On Tuesday of this week, the Non-Boyfriend and I voted each other off the relational island. Later that day, one of my colleagues began sharing at break, how his wife of 27 years just voted him off the marital island this last May. (I did not start talking about my situation. He brought up the topic all on his own.) He is still reeling from the shock and surprise and grief that comes from being blindsided. I can relate.
I mentioned a few posts back how I changed my status on Facebook to single right after I realized that the Non-BF had been planning a secret escape from our crumbling island. It wasn’t long before I had friends commiserating with me digitally, offering their condolences. Many contacted me privately. Some of these folks are single eligible men. One of them is a person I “met” digitally about four years ago through a blog I was writing at that time. He lives on the other side of the country, and even though I’ve long since stopped writing on that other blog, he’s kept in touch through Facebook. We’ve never met in real life. He, too, was just voted off the island of relational bliss.
Yesterday, he mentioned flying out to see me at the holidays. We will both be sans children and negotiating a “couples” holiday season alone. Neither of us is looking forward to it. Now, I’m fairly certain this will not happen, but I do find it interesting how things in life can conspire to distract me from the pain I am dealing with. Random little interactions like this tend to be like the emotional epidural that completely knocks out the pain of the relational rejection I’m birthing. You can still feel the pressure, but the pain is not there. I’ve been voted off the island by one particularly unhappy individual through no fault of my own, really, unless finally saying no to mistreatment is a fault. Less than 48 hours later, I have people entering my life inviting me to visit their little island for a bit.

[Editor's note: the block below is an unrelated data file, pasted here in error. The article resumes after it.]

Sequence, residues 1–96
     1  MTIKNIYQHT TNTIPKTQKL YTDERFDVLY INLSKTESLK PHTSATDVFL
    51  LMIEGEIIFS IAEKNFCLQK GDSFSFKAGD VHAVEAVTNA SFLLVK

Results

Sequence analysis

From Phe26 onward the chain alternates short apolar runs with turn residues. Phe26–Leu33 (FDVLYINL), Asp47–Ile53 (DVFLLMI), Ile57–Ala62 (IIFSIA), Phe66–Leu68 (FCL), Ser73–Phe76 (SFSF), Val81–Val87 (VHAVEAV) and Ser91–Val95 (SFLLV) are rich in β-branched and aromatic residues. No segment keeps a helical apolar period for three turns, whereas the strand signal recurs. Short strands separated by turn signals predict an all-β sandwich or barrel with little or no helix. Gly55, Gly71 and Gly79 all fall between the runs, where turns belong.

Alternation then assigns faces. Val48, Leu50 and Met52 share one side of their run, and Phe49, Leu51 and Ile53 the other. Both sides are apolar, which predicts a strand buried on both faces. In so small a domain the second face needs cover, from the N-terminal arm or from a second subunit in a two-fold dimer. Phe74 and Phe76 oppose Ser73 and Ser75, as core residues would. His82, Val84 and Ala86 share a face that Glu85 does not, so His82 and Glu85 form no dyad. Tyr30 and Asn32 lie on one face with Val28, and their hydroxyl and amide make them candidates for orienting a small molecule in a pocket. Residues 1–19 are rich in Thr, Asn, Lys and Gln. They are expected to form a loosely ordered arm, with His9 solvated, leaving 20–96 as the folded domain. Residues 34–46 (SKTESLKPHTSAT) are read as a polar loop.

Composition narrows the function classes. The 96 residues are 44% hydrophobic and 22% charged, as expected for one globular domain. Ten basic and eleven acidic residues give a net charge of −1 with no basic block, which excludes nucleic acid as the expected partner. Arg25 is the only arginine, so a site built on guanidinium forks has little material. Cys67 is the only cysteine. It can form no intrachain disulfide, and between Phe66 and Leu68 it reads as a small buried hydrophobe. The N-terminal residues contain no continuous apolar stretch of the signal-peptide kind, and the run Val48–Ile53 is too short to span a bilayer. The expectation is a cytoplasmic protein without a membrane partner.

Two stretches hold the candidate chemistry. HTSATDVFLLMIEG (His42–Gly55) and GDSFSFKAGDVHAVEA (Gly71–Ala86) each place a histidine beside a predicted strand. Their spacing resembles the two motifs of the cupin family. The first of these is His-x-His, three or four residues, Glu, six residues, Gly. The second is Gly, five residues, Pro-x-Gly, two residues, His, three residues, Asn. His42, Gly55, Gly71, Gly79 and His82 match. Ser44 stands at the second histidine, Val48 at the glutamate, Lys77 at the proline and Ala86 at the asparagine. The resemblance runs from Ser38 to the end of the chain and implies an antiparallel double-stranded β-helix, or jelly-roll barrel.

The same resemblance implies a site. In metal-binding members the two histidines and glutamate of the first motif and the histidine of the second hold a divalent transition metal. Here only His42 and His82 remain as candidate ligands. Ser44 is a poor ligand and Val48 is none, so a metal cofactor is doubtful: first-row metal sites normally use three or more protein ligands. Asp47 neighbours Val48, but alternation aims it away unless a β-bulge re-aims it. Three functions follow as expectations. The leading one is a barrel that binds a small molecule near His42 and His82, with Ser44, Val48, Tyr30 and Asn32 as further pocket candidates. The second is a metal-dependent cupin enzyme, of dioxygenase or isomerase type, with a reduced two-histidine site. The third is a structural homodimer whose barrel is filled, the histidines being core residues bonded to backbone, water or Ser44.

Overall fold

No, I’m not going to stay long on any of these islands. I will most certainly not even spend the night. I am not ready for that. But, I ask you what is the harm of stopping by someone’s island for an afternoon of friendship, sun, and maybe even some libations? Can anyone refuse an invitation to spend a day at the beach with fun companions?
I was voted off an island I didn’t realize was crumbling. Maybe it is time for me to realize that there are possibly much bigger, stronger, more enjoyable islands out there.